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originally posted by: OccamsRazor04
a reply to: Psynic
Calling BS on that one.
As someone with a degree in marine biology and who has been to a lab where sea-star (in science circles, they're called "sea-stars" rather than "starfish", since they're not fish) regeneration investigations were conducted, I can tell you authoritatively that the "phenomenon" which you describe does not exist.
The Alcubierre drive or Alcubierre metric (referring to metric tensor) is a speculative idea based on a solution of Einstein's field equations in general relativity as proposed by theoretical physicist Miguel Alcubierre,by which a spacecraft could achieve faster-than-light travel if a configurable energy-density field lower than that of vacuum (i.e. negative mass) could be created. Rather than exceeding the speed of light within its local frame of reference, a spacecraft would traverse distances by contracting space in front of it and expanding space behind it, resulting in effective faster-than-light travel.
Yes this is in the realm of possibility.
originally posted by: theabsolutetruth
My truthful opinion on this is that sort of research exists and more than likely there is communication. I have heard things from researchers in various fields though have also heard that it is denied and that heads of research facilities have orders in preventing those other than 'above top secret' access to such things.
originally posted by: ctdannyd
The only possible way to communicate across the vast distances of the galaxy and, the universe would be utilizing gravity waves.
The team was testing a theory that there’s a new way to propel satellites, instead of using rockets powered by a limited supply of fuel. So they put a radio antenna in a specially designed, sealed container. Turned on, the antenna bounced 935MHz radio waves (similar to those used by some cell phones) around, and the container apparently moved a tiny, tiny bit. This violates Newton’s third law of motion, one of the basic tenets of physics.
Loosely put, Newton taught us that no action can occur without an equal and
opposite reaction. Because there is nothing pushing against the container, propelling it along—no hot gases exploding out the back, for example—it shouldn’t be able to move. It’s like moving a broken-down car by pushing it from the inside.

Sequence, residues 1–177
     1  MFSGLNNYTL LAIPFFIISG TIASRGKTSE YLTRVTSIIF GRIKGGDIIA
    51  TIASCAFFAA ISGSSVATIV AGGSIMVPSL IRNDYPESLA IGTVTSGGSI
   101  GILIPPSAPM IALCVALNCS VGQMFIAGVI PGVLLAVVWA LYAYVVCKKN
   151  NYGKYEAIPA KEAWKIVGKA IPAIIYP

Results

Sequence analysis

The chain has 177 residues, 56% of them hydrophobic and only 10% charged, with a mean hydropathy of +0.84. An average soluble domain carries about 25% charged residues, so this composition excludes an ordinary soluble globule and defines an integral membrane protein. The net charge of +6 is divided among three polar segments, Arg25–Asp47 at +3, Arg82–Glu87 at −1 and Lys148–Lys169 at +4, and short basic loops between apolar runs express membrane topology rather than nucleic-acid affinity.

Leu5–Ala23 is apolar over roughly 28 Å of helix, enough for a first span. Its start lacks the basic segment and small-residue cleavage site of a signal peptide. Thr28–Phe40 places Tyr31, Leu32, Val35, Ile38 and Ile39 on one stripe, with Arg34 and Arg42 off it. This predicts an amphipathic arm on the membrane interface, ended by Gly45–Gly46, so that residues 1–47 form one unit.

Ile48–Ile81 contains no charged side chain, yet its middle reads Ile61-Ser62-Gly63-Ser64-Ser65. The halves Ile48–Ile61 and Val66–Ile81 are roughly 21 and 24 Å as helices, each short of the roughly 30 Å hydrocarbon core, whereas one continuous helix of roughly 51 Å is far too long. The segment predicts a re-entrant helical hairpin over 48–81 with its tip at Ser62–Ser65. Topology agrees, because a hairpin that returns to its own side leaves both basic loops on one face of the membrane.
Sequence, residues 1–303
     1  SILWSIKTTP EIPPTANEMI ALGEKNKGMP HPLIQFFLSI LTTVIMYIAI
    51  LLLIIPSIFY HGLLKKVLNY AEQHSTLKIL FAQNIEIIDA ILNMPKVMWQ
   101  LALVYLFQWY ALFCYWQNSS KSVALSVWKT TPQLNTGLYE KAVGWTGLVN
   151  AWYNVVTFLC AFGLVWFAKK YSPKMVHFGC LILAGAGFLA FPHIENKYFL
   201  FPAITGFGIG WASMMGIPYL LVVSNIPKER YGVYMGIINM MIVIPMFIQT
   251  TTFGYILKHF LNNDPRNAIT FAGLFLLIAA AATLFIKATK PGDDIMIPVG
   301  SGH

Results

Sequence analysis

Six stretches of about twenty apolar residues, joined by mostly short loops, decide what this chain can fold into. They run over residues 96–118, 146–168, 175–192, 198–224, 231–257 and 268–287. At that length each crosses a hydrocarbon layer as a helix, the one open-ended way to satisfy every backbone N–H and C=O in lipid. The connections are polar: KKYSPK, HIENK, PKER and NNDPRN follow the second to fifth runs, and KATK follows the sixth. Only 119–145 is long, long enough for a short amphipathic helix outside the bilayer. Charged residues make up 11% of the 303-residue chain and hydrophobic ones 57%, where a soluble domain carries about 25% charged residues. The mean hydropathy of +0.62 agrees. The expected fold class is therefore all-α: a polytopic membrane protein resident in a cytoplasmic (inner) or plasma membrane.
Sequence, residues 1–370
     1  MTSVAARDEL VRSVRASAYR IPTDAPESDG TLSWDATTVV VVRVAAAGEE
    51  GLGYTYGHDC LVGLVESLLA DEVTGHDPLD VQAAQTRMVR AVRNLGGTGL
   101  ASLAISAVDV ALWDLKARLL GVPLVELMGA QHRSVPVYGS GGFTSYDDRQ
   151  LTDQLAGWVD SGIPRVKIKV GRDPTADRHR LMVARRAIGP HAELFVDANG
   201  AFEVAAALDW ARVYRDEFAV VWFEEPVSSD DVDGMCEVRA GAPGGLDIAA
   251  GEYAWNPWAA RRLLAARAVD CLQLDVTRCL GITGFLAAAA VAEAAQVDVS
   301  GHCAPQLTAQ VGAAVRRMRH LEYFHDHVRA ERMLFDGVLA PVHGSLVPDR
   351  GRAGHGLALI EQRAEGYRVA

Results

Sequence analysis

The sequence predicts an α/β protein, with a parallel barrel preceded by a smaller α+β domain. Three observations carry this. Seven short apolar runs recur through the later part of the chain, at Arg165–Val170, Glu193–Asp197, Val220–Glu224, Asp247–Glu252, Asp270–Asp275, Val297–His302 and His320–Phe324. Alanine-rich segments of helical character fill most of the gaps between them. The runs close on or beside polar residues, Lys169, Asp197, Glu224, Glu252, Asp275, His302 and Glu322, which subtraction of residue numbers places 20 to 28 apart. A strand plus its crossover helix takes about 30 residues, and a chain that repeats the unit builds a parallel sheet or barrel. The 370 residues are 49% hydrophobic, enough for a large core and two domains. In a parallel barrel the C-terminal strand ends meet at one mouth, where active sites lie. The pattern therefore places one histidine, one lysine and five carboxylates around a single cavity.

But radiative interactions propagate at the speed of light. Inertial reaction forces, however, are instantaneous upon the application of "external" forces. How can a radiative interaction that propagates at the speed of light be responsible for a seemingly instantaneous interaction between a local object and the most distant matter in the universe?
The answer to this question is muddied by a formal property of field equations called "gauge invariance" which makes it possible to look at things in several different, but equivalent, ways.
Because of gauge invariance, there are several ways you can try to finesse the answer to this question, but the least artificial answer invokes "absorber" theory (first argued with considerable elaboration by J.A. Wheeler and R.P. Feynman in the 1940s). This theory says that when you push on something, it creates a disturbance in the gravitational field that propagates outward into the future. Out there in the distant future the disturbance interacts with chiefly the distant matter in the universe. It wiggles. When it wiggles it sends a gravitational disturbance backward in time (a so-called "advanced" wave). The effect of all of these "advanced" disturbances propagating backward in time is to create the inertial reaction force you experience at the instant you start to push (and cancel the advanced wave that would otherwise be created by you pushing on the object). So, in this view fields do not have a real existence independent of the sources that emit and absorb them. [This and other relevant stuff is explained nicely in John Gribbin's, Schrödinger's Kittens and the Search for Reality (Little, Brown and Co., New York, 1995).]
Believe it or not, the other "interpretations" of the formalism -- all allegedly equivalent -- are even less physically plausible than this. (Yes, that's pretty hard to believe, but true nonetheless.) For some details see the "Origin of Inertia"